It's been a pretty wild ride for the last couple years at Team Riis. In what seems to say more about human nature than anything more logical, the iconic Danish manager Bjarne Riis went from a CSC-Saxo squad with a pretty set lineup to two years of non-stop turmoil.
First, there was the mass-desertion led by the Schlecks and Cancellara. Riis responded with a little of his old ways -- grabbing Nick Nuyens from the remainder bin and promoting unheralded kid Richie Porte into a secondary stage-race threat -- and a little bit of old George Steinbrenner, signing Alberto Contador following his messy divorce with Team Lance. That worked fabulously well for 2011, with Nuyens winning de Ronde and Contador making a run at the Giro-Tour Double, dominating the first and hanging tough in the second, before reality set in... all while the sword of Damocles hung over his head.
When it fell, taking Contador out of competition for eight months ending just after the 2012 Tour, the damage swept over the team like a tsunami. Gone was their star, with nobody to fill his shoes (Porte having departed for Sky). Suddenly Saxo-Tinkoff were looking at a pretty bare cupboard. Nuyens, of course, saw his fluky luck run out again, crashing in Paris-Nice and missing his title defense in Flanders. Much of the remaining team was set up to support Contador, not take his place. Worst of all (arguably), Contador's disqualification wiped out his rather large 2011 points cache, leaving the UCI cupboard even more bare than the talent one. The season started with calls for their license to be pulled retroactively, for failure to meet the sporting criteria. For much of 2012, the team rode like it didn't meet sporting criteria.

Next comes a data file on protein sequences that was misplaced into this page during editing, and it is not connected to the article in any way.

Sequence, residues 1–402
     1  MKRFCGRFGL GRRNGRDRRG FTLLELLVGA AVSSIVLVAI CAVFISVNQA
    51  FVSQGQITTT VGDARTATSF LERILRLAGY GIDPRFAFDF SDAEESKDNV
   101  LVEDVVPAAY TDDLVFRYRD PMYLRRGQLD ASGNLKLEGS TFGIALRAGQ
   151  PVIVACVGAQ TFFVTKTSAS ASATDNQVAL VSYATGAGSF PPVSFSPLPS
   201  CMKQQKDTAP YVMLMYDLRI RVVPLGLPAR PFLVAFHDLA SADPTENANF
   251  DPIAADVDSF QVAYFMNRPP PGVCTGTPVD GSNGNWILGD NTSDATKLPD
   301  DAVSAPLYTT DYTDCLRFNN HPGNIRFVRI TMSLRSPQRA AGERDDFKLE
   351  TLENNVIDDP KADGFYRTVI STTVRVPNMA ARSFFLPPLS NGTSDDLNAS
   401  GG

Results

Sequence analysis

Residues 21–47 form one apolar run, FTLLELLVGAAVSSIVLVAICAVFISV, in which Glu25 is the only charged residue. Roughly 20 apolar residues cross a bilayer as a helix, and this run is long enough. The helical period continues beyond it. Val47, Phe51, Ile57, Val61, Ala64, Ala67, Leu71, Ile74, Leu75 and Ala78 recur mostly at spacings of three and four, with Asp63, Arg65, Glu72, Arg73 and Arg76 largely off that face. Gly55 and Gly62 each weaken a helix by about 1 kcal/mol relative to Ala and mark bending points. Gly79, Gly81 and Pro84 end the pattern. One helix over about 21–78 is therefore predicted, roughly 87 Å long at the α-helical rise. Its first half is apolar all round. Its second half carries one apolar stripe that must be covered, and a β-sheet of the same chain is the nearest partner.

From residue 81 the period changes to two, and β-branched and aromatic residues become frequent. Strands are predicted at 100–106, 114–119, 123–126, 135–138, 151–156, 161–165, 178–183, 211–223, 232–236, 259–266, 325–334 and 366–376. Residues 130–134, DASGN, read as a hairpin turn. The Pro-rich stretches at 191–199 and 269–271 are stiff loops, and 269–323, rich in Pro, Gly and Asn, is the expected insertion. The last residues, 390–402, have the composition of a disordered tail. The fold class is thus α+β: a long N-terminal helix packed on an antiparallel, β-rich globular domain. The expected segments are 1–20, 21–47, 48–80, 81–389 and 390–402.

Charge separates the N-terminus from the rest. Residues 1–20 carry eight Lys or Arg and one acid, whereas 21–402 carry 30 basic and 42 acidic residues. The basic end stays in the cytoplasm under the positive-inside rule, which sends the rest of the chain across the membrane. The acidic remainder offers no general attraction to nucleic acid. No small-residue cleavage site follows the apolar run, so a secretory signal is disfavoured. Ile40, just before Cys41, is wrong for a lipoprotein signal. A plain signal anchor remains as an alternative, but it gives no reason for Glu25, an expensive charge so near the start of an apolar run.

Fickle Fate returned with Contador in August, where the rusty champion seized the Vuelta in a manner reserved to the greats, which he is, or so we think, except for that strange doping thing, which juxtaposed against the exposition of his former team... makes my head hurt. So really, I'm not sure how much fun anyone was having at that point. Also, thanks to the Byzantine UCI system for calculating points, Saxo regained the world's #1 asset and still found itself heading to an almost certain denial of its World Tour license. As the news leaked out about the UCI's slow, stepwise licensing process, that fate seemed ever more certain... until this week, when Katusha forgot to sign something or pay a bill or whatever, dropping a World Tour license from the sky and into Riis' lap.
Like I said, there is no rational reason for all this, except humans think boredom is bad and are prone to messing things up for fun.
What We Thought Coming In
WITHOUT Contador everything is up in the air. Clearly Riis has struggled to come up with a Plan B and it could come back to bite him in the ass in a disastrous way. Saxo will have to come out with some fantastic Cinderella stories to score big UCI points this season and it's not that easy to see who is going to step up and get it done? Perhaps the top lieutenants Daniel Navarro and Chris Anker Sørensen can compete for top 10s in the GTs but neither of them look like obvious stars. Haedo is fast but nothing points to him being a winning machine even with better support. The polish talents, Majka in particular, look really promising but bringing in the top results? With all the stars in alignment the classics squad could pull off some wins both on the cobbles and in Amstel but just looking at some of the other powerhouses out there this year I wouldn't bet any money on it. The rest? Talent, sure, but not many wins among them presumably. In short, Riis had better been p(r)aying to make sure Contador rides in 2012. The future of his team might depend on it.
What We Got